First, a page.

Plymouth City Airport to close in December
Plymouth City Airport is to close in December, its owner has announced.
Sutton Harbour Group blamed the economic downturn and “challenges for the UK
regional aviation market”.
It said the airport, which employs 56 people, had suffered “significant losses
in recent years” and was facing a £1m loss over the next year.
Air SouthWest axed its service to London Gatwick in February, meaning fewer than
100 people were flying out of Plymouth every day.
Sutton Harbour Group, which owns the airport leasehold, said it had worked with
freeholders Plymouth City Council, but “no viable solution has been found”.
Nigel Godefroy, chief executive of the Sutton Harbour Group, said: “Plymouth
City Airport, like many regional airports in the current environment, is unviable
as a commercial enterprise.
“This has been an incredibly difficult decision given the efforts by so many,
including our own staff, to give the airport a future.
“We have always fought for Plymouth’s air links and sought to do our best for
the city and its people, our employees and shareholders, but the usage of the
airport simply does not support the high cost of operation.”
Staff have been told it is too early for an exact timetable on redundancies,
but the company said it would keep them informed as the process evolved and would
support them in every way it reasonably could.
Staff at the airport, who were told about the closure at a meeting on Thursday
morning, said they were “gutted”.
A fireman based at the airport, who did not want to be named, said it had been
a “total shocker” and the closure would make Plymouth much less attractive for
The Sutton Harbour Group took over operation of the airport in 2000 and went
on to launch Air Southwest in 2003.
New destinations were added including London City Airport, Leeds, Manchester,
Newcastle, Glasgow, Cork and Grenoble.
But Air Southwest was sold to Eastern International Airways in November 2010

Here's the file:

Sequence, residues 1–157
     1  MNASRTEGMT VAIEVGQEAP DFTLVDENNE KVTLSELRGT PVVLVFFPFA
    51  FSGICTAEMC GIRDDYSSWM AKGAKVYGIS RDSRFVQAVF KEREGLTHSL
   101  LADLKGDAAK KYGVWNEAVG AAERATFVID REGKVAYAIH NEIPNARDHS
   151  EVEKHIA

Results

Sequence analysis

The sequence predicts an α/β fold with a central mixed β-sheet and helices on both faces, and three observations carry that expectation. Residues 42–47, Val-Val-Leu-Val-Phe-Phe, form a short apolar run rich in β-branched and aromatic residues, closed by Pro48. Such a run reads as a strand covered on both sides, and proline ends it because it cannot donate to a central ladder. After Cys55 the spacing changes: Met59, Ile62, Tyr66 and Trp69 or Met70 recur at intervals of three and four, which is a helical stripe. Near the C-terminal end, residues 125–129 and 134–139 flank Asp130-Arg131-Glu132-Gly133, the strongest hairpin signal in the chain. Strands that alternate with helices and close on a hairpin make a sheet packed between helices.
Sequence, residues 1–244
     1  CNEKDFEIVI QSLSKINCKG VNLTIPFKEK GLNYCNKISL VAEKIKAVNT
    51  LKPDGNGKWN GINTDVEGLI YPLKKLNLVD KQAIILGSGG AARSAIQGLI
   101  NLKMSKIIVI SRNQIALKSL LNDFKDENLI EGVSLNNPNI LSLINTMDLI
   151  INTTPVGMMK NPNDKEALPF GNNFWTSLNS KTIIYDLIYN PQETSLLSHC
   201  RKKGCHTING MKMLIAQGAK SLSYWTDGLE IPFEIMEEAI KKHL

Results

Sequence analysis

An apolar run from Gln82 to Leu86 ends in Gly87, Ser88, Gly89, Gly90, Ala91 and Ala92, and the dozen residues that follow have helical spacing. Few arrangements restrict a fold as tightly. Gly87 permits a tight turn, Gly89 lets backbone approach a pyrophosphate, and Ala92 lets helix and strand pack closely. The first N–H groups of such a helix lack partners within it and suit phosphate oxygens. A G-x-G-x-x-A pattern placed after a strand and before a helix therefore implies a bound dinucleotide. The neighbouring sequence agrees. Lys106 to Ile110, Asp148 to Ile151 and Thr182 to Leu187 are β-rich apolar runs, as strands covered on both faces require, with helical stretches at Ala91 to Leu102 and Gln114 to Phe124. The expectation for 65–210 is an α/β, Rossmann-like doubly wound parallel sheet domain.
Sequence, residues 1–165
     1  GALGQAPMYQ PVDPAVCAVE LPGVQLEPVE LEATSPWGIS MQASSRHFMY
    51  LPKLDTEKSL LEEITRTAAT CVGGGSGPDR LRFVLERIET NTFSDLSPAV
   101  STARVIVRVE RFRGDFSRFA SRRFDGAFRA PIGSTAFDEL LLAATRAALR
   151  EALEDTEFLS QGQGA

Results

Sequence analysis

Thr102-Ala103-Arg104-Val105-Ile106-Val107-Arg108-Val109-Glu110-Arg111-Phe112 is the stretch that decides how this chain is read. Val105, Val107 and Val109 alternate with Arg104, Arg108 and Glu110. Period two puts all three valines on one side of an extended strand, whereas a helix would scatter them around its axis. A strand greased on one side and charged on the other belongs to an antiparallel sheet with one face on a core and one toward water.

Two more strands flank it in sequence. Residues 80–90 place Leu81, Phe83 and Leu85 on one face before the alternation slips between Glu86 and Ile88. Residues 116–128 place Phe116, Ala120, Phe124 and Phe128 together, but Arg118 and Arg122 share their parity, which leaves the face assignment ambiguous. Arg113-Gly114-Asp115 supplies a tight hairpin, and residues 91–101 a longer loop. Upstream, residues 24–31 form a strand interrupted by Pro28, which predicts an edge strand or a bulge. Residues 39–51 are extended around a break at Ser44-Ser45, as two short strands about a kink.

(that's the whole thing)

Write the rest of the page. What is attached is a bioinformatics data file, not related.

and loss-making routes, including London Gatwick, were axed.
Tim Jones, chairman of Devon and Cornwall Business Council, said rival airports
at Newquay in Cornwall and Exeter would benefit from the closure, but Plymouth
needed an airport too.
“It’s an international city, it has international ambitions with international
businesses. Plymouth needs an airport for its future.”
He said a new era of shorter take-off and landing planes and helicopters could
make the airport viable.
“We need to find a way to preserve the asset because once it’s gone there’s no
going back,” he said.
Eastern Airways, which also flies out of Newquay, said closing the airport was
“disappointing for Air Southwest and for Plymouth” but it provided “much-needed
clarity after a difficult and protracted period of uncertainty”.
The airport has been loss making for a very long time and Sutton Harbour has
been wringing its hands over this for months.
What’s certain to happen now is that there will be a row over whether Sutton
Harbour has really done enough to establish that the airport is unviable.
The council and the business community will fight desperately to see whether
there’s any way it can be preserved as an airfield rather than be developed for
another use such as housing.
Plymouth is a city that risks losing not only its airport, but its football team.
These things are very important totems.
Comments from AirportWatch members:
Plymouth handled 96,000 passengers last year. Is this a sign of the times?
It seems the UK has a surfeit of airports in a declining market. Will we see
more airport closures? Should there be a section in the DfT scoping document
headed ‘Further end-uses for Redundant Airports’? Robert Sinclair, Chief Exec,
Bristol Airport will be rubbing his hands with glee. Cardiff reduced passenger
numbers, the closure of Filton Airport and now Plymouth. I can’t see passengers
going to Newquay or Exeter but Bristol.
I note that it’s a leasehold so other aviation uses could be found –
Recent air passenger figures for Plymouth:
There were 4,204 passengers in March 2011 which was -52.5% down on March 2010.
In the year ending March 2011 there were 85,533 passengers, which is -27.9% down
than the same period a year earlier.
2010 96 -16% down on 2009